by Stephanie Hanson

Part 1

On New Year’s Eve, 1600, Queen Elizabeth chartered the East India Company. She could hardly have known the lasting impact that that charter would have over the next several centuries.

Flag of the British East India Company

When the English saw the success of the Portuguese in trading with China, they jumped in, along with the Dutch and the Spanish. This lead to trade wars between these European nations and against the countries they planned to conquer.

However, despite her charter and England’s new trade with China, Queen Elizabeth’s court would not enjoy tea for a few more years. Beatrice Hohenegger marks tea’s arrival in Europe as 1610, via Dutch imports from Japan. Generally, Catherine of Braganza, the bride of Charles II, is credited with bringing tea to the British isles in 1662. The first official tea purchase, by the British East India Company, was made in 1664, as a gift to the king.

With this step, the British East India Company stepped onto the scene, determined to play its part in the tea trade with as little competition as possible. First, the Dutch found duties increased on their imports, and by 1667 all Dutch imports were declared illegal, paving the way for the Company’s monopoly.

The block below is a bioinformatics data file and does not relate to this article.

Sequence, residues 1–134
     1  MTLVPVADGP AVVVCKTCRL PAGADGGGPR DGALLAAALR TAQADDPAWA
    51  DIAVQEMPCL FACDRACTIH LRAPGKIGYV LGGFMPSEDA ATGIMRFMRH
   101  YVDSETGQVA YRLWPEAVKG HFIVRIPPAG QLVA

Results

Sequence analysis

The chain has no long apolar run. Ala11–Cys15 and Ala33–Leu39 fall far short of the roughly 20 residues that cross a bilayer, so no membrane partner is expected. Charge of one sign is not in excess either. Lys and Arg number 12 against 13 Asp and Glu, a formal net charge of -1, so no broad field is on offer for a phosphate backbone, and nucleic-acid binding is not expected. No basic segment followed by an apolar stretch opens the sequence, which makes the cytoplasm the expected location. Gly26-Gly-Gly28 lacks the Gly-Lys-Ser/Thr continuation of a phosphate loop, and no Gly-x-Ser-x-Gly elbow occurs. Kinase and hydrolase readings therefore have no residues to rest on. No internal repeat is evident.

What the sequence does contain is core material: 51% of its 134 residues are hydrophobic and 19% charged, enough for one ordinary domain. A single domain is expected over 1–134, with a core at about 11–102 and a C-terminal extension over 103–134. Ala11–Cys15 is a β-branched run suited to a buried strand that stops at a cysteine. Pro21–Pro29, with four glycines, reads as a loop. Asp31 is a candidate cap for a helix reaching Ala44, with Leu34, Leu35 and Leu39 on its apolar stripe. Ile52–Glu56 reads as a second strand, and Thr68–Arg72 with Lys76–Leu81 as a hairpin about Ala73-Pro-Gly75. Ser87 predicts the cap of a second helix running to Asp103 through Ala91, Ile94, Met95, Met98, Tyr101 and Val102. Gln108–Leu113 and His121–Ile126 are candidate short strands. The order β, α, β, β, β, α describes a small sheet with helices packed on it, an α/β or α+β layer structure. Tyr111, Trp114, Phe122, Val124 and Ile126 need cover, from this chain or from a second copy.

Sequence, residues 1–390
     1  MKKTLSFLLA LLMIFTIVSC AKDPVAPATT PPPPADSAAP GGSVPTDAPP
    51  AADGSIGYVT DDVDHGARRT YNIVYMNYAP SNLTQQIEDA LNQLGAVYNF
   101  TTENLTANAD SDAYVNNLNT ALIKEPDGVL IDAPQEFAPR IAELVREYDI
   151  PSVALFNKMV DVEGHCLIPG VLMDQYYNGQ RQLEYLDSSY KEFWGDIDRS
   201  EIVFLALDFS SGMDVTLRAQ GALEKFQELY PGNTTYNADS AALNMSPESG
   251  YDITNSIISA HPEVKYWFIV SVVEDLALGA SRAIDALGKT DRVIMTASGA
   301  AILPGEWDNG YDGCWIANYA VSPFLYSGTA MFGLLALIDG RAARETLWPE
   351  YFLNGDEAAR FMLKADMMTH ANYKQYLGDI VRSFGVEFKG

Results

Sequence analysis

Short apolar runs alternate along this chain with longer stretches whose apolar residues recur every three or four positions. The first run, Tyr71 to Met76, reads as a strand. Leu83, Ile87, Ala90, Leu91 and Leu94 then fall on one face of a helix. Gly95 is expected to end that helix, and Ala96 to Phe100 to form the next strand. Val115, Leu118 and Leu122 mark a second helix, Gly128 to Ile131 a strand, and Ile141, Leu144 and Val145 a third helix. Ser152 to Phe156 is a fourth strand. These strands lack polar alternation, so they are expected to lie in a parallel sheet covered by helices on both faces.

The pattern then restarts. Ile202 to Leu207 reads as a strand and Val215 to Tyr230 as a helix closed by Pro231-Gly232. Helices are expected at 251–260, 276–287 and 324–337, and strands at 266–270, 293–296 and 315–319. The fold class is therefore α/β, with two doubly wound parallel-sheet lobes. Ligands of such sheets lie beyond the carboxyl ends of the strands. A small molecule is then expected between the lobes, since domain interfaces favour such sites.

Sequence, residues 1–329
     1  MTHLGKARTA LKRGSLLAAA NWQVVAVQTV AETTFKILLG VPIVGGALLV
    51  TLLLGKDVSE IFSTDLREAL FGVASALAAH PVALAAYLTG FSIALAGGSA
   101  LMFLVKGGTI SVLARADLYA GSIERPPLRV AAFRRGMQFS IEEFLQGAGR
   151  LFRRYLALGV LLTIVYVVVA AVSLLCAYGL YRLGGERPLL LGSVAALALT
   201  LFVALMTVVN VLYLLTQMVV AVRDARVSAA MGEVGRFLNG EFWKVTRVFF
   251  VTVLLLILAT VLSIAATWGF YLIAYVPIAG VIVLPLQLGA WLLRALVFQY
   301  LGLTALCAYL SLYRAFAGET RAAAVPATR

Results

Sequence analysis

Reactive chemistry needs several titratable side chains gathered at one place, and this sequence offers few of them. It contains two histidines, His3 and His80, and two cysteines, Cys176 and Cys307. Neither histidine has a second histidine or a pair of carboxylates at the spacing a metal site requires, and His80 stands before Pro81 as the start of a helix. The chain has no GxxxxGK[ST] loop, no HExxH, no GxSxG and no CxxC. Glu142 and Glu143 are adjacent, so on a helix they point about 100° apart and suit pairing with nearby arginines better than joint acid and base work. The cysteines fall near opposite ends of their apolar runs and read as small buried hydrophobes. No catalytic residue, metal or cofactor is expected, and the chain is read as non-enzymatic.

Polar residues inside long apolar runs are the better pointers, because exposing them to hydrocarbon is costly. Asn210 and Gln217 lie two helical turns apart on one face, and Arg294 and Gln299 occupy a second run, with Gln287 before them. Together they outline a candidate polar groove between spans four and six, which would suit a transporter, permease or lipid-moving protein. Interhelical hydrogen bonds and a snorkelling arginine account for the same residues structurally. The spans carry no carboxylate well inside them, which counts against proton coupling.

The British East India Company rose the price of tea, putting it out of the reach of all but the wealthy. But Britannia was already hooked on tea and unabashedly turned to smuggling it in from other trading companies. The Swedish East India Company actually based its entire business on smuggling tea into Scotland. Eventually, smuggling led to the relaxation of trade laws, and tea prices settled into a range affordable for the average person. By 1790, English citizens drank 20 million pounds of imported tea per year.

The English government and the British East India Company were doing quite well until the Chinese emperor pointed out that neither money nor objects meant much to the Chinese, whose technology far exceeded that of the West. Wars had also meant the loss of access to silver in South America. The East India Company needed something of value to the Chinese — Opium.

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